Spanish architect Antoni Gaudí spent the last years of his life dedicated to the construction of La Sagrada Familia, the iconic Catholic temple and the best-known symbol of Barcelona. Today, it’s at the center of a political battle that pits the church against Mayor Ada Colau.
Gaudí–who took over the project a year after architect Francisco de Paula del Villar y Lozano started it in 1882–only completed less than a quarter of the project when he died in 1926 at age 73. The church construction continued after the Spanish Civil War and picked up some steam in the last two decades; it’s currently due to be completed in 2026.
Now, city authorities are seeking to recoup money from the church, which was paid for with private donations, arguing that neither Gaudí nor the construction board of the nonprofit La Sagrada Familia Foundation filed the right permits to build the structure. The foundation claims that it did obtain a permit from the town of Sant Martí de Provençals, in 1882. Sant Martí was the original municipality that had jurisdiction over the land where the basilica stands. The town was absorbed by Barcelona in the 20th century, and the city’s current officials claim that, regardless of that permit, it should have filed new paperwork.
As a result of pressure from Colau’s administration, the foundation has agreed to pay $41 million in a settlement to regularize the building’s legal status. The money will help pay for transportation and urbanization improvements that will facilitate public access to the building, which is the most popular monument in the world, according to TripAdvisor.
The monument itself generates millions in taxes for the city every year. The average tourist spends more than $1,000 in Barcelona on average, with La Sagrada Familia being the most visited Barcelona monument with 4.5 million tourists, followed by Gaudí’s Park Güell with 2.9 million, and the FC Barcelona museum with 1.5 million. Arguably, Gaudí’s church is as important to Barcelona as the Eiffel Tower is to Paris. Hundreds if not thousands of millions are generated by the monument.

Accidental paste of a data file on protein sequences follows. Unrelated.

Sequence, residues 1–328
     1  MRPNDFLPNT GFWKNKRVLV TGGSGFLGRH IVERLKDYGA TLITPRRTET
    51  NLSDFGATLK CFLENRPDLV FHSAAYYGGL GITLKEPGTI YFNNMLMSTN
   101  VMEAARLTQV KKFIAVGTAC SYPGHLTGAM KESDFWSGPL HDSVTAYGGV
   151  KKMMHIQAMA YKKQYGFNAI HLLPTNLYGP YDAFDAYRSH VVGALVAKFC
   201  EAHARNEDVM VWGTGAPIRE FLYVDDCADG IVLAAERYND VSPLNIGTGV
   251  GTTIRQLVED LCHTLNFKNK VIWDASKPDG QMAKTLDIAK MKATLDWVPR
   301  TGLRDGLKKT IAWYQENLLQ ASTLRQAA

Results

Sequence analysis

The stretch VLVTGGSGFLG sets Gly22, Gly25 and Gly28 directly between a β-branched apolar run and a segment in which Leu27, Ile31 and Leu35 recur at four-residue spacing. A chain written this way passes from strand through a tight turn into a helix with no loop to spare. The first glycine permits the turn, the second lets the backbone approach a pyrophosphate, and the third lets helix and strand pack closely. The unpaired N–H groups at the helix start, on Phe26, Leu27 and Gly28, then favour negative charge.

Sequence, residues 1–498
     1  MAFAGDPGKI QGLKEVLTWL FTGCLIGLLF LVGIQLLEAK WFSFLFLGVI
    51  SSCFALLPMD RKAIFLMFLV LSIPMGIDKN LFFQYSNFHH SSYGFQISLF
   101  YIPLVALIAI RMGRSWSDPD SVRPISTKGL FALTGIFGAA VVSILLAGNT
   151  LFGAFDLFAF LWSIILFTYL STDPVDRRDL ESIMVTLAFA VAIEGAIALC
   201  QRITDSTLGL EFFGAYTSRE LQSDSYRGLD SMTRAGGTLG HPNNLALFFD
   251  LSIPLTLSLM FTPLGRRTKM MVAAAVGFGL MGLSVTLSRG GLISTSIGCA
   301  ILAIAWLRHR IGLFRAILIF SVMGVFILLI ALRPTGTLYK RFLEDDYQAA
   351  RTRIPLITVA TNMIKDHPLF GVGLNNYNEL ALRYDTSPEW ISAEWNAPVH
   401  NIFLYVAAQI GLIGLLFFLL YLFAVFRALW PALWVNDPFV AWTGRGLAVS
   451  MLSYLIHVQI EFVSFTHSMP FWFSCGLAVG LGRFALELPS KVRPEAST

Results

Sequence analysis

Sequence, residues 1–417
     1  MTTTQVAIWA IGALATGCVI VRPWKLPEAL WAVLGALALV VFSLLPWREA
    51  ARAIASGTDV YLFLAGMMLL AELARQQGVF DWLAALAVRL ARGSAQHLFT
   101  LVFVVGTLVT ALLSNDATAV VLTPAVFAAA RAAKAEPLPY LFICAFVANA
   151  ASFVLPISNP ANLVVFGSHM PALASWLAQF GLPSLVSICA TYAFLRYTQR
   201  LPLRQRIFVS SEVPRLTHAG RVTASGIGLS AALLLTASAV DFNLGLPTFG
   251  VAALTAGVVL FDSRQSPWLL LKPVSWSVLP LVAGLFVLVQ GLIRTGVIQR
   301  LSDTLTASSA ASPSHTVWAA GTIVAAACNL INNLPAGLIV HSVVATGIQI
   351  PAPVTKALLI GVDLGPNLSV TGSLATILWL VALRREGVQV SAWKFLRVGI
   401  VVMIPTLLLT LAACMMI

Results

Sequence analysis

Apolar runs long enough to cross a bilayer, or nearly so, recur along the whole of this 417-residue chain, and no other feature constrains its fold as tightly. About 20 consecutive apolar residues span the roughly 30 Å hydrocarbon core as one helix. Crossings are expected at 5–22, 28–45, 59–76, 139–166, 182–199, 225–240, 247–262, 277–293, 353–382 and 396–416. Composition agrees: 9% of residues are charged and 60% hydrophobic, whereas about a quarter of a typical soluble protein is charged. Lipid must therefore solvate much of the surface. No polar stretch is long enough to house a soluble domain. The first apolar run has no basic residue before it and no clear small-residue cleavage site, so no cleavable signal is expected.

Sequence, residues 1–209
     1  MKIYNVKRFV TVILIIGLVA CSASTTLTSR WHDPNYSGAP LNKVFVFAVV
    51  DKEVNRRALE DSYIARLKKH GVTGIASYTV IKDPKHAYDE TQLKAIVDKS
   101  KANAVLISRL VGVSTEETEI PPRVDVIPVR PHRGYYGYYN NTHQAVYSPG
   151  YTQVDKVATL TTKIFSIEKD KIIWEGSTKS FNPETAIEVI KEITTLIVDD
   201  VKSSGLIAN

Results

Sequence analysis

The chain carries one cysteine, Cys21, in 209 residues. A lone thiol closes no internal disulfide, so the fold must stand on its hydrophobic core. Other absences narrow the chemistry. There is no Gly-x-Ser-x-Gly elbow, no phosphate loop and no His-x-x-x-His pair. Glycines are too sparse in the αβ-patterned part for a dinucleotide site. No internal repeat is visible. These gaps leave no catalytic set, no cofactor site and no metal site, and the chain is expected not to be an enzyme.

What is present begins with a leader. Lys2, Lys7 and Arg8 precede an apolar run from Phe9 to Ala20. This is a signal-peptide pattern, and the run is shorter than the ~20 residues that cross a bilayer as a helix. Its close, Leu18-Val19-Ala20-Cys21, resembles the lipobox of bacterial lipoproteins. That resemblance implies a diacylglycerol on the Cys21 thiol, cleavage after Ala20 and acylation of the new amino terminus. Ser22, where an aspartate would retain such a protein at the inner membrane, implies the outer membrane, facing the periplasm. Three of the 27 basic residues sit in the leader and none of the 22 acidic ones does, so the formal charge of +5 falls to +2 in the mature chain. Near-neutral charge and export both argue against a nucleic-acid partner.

The far-left party governing Barcelona has acknowledged that they see this as a victory in limiting the church’s privileges, which is one of the points Colau campaigned on. The mayor has acted on that promise, trying to find ways for the Catholic church to pay real estate taxes, though Spanish law exempts religions, unions, political parties, NGOs, and any other nonprofit organization.
It’s not the first time that architecture and public works have been used for political purposes. Ever since the time of the Romans, architecture has been a powerful way to score political points, gain popularity, and show favor to some groups over others. Some experts argue that all architecture is political. After all, humans are the zoom politicking, social animals that share a public and private space organized by architecture. It’s only natural that architecture is used as another political tool and to shape politics.
Maybe in 2026, when La Sagrada Familia is expected to be complete, the clash between Spanish political forces will be long gone and hopefully forgotten, with only the building standing as a symbol of concord. But knowing that Spaniards have fought internally since before Spain was fully formed in 1492, we shouldn’t count on it.